Page One Daily News -
Obama defends his immigration speech on Univision
Univision's latest interview with Obama pressed him on his immigration reform speech Tuesday in Texas
President Obama was asked by Univision about his El Paso speech on immigration reform, and the reaction of critics who called it just campaign rhetoric. Here's his answer: "Well I don't know how they can call it campaign rhetoric I've been talking about this since the day after I was elected the first time in 2008. I've been pushing for immigration reform for the past two and a half years. I gave a speech in October of last year about why we needed to get immigration reform done. I was a champion of getting the Dream Act done and made multiple calls to members of congress and we were able to pass it out of the House and almost passed it out of the Senate during the lame-duck session. So I have been consistent in pushing to get this done. What we haven't gotten is help from the other side of the aisle frankly. The majority of Democrats are supportive of comprehensive immigration reform. The President of the United States wants comprehensive immigration reform. What we haven't had are partners in the Republican Party who are willing to work with us on this issue. Now that wasn't true in 2007, it wasn't true in 2004, at that time we had some bipartisan support. People like Senator McCain were heavily involved in trying to craft a comprehensive bill. And they then walked away from that and said what we need is security at the border first. Well, we've done a lot at the borders. We've now doubled our efforts at the borders. And we've seen much less traffic coming over the borders illegally. Now is the time for us to go ahead and finish the job and my hope is that we'll start seeing more Republican partners get involved in this issue."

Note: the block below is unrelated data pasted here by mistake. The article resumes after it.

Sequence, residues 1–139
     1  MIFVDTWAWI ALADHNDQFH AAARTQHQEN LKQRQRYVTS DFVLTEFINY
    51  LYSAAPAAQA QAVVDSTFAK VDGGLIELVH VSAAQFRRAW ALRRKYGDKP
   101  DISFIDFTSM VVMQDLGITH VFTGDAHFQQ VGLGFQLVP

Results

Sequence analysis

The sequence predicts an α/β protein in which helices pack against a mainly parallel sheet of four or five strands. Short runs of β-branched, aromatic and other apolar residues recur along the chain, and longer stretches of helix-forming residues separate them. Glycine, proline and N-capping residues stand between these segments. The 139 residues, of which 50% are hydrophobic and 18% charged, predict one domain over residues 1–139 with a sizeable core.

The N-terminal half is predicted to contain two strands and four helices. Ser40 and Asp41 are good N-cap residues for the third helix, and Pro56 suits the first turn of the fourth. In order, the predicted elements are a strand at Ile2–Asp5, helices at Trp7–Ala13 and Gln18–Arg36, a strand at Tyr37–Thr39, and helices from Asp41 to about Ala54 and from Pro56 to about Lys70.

Obama's defends Calderon's effort in drug war
President Obama tells Univision that Mexico's president Calderon is doing a "courageous" job
Univision asked president Obama about Mexico’s partnership in the struggle against drug trafficking which has cost 34,000 lives over the last couple of years. Here's his answer: "Well, we’re very active working with the Mexican government on that. What we’ve done is to identify ways where we can support Mexican security forces in Mexico to deal with these transnational drug rings that are causing that much violence inside of Mexico. And I think President Calderon has been very courageous in trying to take this on, it’s not an easy thing to do, but he’s doing the right thing and we’ve provided him help, resources, advice, training and we will continue to do as much as we can because Mexico is such an important country to us both in terms of trade but also because obviously we’re neighbors and any violence that is taking place there can potentially have spillover effects here in the United States."